By Stuart Anderson | Forbes | December 1, 2020
In a victory for employers, universities and international students, a lawsuit aimed at preventing foreign students from working on Optional Practical Training (OPT) is over. A federal district court judge announced he plans to issue an order against the group that brought the lawsuit and grant motions for summary judgment to the Department of Homeland Security (DHS) and trade associations that intervened in the case on behalf of international students. The order is timely: A recent survey found in Fall 2020, “new enrollment of international students physically in the United States declined by 72%.”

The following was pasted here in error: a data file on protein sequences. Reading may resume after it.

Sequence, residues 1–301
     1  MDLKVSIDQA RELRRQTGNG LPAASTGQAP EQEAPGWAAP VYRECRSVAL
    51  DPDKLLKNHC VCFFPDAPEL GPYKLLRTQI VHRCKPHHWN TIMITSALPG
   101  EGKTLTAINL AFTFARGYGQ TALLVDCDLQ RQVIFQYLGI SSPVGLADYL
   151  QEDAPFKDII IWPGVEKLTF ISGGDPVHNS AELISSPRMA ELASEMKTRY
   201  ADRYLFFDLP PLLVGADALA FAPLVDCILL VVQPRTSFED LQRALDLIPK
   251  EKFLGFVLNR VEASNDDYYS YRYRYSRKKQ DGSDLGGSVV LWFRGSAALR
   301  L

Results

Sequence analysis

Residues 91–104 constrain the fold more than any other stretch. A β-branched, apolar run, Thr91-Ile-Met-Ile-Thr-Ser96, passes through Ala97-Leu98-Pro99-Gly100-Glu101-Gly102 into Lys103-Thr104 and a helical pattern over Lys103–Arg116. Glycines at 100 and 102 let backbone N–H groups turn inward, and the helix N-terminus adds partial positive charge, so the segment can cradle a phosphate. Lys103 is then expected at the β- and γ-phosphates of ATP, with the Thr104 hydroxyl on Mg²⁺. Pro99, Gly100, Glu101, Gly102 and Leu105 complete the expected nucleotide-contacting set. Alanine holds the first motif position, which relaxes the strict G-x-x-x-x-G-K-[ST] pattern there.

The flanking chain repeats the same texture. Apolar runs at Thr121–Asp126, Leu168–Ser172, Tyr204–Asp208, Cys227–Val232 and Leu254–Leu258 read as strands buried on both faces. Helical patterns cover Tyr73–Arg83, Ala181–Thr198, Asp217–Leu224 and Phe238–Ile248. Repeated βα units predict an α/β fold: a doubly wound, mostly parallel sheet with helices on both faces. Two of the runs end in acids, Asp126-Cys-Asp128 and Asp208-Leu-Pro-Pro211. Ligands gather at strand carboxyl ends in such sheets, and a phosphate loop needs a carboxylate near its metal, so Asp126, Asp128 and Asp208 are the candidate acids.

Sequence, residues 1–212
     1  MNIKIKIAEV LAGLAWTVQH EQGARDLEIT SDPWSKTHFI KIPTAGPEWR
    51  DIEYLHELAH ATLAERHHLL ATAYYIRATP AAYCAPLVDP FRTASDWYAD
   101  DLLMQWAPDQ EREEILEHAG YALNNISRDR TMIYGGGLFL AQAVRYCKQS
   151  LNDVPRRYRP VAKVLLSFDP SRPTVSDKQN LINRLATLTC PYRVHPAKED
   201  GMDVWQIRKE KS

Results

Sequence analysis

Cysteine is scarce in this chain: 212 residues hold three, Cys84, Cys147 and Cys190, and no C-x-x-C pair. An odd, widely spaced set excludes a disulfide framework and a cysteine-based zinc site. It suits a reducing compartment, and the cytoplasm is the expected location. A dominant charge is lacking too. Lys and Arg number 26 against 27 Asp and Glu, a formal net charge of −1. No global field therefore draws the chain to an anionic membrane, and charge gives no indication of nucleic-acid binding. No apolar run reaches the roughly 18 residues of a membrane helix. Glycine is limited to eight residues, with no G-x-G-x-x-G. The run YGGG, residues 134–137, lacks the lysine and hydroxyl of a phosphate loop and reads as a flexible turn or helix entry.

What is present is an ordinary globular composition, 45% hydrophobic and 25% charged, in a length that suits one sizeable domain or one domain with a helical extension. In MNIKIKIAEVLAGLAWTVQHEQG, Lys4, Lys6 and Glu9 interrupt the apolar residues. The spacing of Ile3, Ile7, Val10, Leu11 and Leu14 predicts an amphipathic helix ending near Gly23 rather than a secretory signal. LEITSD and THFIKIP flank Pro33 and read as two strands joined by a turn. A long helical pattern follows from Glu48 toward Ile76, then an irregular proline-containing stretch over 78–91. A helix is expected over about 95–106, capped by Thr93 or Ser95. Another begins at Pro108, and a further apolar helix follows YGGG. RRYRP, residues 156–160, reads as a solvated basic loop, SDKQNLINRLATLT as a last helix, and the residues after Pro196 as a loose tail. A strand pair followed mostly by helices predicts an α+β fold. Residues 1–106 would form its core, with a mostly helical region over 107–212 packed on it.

Some context will help better understand the order by U.S. District Judge Reggie B. Walton. The plaintiffs, the Washington Alliance of Technology Workers (WashTech), asked the court to declare Optional Practical Training to be unlawful. The defendant was the Department of Homeland Security. Optional Practical Training allows international students to work for 12 months, and 24 additional months in science, technology, engineering and math (STEM) fields, based on regulation. The ability to work on OPT after graduation is considered crucial to many international students.